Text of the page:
Customer Logins

Obtain the data you need to make the most informed decisions by accessing our extensive portfolio of information, analytics, and expertise. Sign in to the product or service center of your choice.

Customer Logins

Civil war in Ethiopia: latest news and implications for the upstream sector

10 November 2021 Cristina Tome

In early November 2021, it was reported that troops from the Tigrayan People's Liberation Front (TPLF), in alliance with other forces and rebel groups, were rapidly advancing south to seize Addis Ababa, the Ethiopian capital. Prime Minister Abiy Ahmed immediately declared a six-month state of emergency across the whole country and asked citizens to prepare for the fight. Worried about an imminent attack, the U.S. (and other countries) requested its residents to leave the capital and urged TPLF to stop their advance. The U.S. also announced a freeze of the duty-free access for Ethiopian goods agreed in the African Growth and Opportunity Act.

As of 9 November, rebels aligned with the TPLF, such as the Oromo Liberation Army (OLA), were reportedly advancing towards the capital, but news about when the troops could arrive is confusing due to communications having been cut off. On 5 November, nine anti-government groups, including TPLF and OLA, signed for the United Front of Ethiopian Federalist and Confederalist Forces alliance "to command and coordinate military and political efforts to solve the conflict".

The conflict started one year ago when in November 2020, PM Ahmed launched a military operation against the TPLF, following a federal army base attack. The TPLF had before organized regional elections in September 2020 without the national office's consent, which led to the re-emergence of previous tensions between the two parties. The military operation consisted of capturing the Tigray region, northern Ethiopia, and its capital Mekele, with the assistance of Eritrean and Ethiopian paramilitary troops.

Implications for the upstream sector

In a video published at the Africa Oil Week (AOW) 2021 webpage, the State Minister for Mines and Petroleum, Dr Koang Tutlam Dung, presented a promotional campaign for Ethiopian E&P opportunities and the upcoming update of the Petroleum Code to attract investors. An overview of the potential of the blocks was given, with a focus on areas close to the 8 Tscf of gas discoveries to be developed by the Chinese Poly CGL group in the Ogaden sub-basin. However, he did not mention the current above-ground risk of investing in Ethiopia, with the ongoing civil war and the security issues it might carry. While confirmed to be present at the Dubai AOW in early November, the Ethiopian delegation eventually could not travel due to the conflict.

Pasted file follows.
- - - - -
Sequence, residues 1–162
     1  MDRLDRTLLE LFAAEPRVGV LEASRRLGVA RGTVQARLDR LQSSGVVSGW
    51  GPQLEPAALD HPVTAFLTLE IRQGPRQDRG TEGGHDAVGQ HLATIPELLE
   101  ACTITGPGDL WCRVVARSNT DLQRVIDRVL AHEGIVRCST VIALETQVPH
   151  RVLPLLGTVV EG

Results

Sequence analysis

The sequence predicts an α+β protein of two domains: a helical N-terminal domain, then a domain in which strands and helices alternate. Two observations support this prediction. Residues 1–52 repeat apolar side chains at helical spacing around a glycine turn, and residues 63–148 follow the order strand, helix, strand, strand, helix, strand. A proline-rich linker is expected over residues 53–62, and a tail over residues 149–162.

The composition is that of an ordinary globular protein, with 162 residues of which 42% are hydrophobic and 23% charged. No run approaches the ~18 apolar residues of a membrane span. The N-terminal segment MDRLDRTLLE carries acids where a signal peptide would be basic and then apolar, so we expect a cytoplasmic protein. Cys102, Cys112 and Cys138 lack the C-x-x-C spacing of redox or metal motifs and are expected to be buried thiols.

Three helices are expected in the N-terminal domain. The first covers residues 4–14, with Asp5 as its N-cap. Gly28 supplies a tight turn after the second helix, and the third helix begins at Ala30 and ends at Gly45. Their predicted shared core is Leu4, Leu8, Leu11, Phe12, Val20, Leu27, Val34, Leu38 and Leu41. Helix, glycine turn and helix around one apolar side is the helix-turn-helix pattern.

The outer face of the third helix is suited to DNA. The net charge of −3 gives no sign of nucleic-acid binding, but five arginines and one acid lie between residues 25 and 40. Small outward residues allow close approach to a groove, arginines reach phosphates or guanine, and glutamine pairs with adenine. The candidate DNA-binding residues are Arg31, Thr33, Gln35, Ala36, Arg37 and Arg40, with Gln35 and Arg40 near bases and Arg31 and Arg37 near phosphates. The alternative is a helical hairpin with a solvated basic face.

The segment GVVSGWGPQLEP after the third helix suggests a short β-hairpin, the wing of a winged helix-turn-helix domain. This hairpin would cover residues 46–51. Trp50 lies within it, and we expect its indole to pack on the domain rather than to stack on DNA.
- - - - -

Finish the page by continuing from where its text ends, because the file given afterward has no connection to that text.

Current companies with assets in Ethiopia are not making significant progress in their respective projects. The British company New Age (African Global Energy) Ltd has postponed its planned seismic studies to 2022 and is selling up to 50% interest to develop the El Kuran oil field in the Somali Basin. It is unlikely that New Age will find a partner in a short period, considering the civil war.

The GPB Global Resources B.V. company has not even listed the Afar asset among its planned projects on its website. This is a deeply unexplored area, with no wells drilled and far from the gas prolific Ogaden discoveries.

The Chinese Poly CGL has been the most active company in recent years, with large volumes of gas pending to be developed at the Calub, Hilala and Dohar fields in the Ogaden sub-basin. The holding planned to build a pipeline and LNG complex in Djibouti to export the gas (3 MMtons/year) to China. In November 2020, Poly CGL reported that an external evaluation of the project was in progress, but no announcement has been released on the state of operations since then. Surprisingly, in the video mentioned above, Dr Solomon Kassa, Director of Petroleum Exploration and Development Operations Licensing Directorate, said that the Ministry is looking for companies to construct the pipeline and the LNG complex. It is unknown if the Chinese group has withdrawn from the project or is also looking for constructors, but given the civil war, it is improbable that this massive infrastructure will become a reality in the upcoming years.

Ethiopia oil and gas map

Learn more about detailed E&P activity coverage and context by country/territory.
View more about our detailed data and summaries on wells, fields and basins.
Learn about our asset evaluation, portfolio view, and production forecasts.

Posted 10 November 2021

Cristina Tomé Martinez is an associate director of technical research for IHS Markit.

Follow IHS Markit Energy


{"items" : [ {"name":"share","enabled":true,"desc":"<strong>Share</strong>","mobdesc":"Share","options":[ {"name":"facebook","url":"","enabled":true},{"name":"twitter","url":"","enabled":true},{"name":"linkedin","url":"","enabled":true},{"name":"email","url":"?subject=Civil war in Ethiopia: latest news and implications for the upstream sector | IHS Markit &","enabled":true},{"name":"whatsapp","url":"","enabled":true}]}, {"name":"rtt","enabled":true,"mobdesc":"Top"} ]}
Filter Sort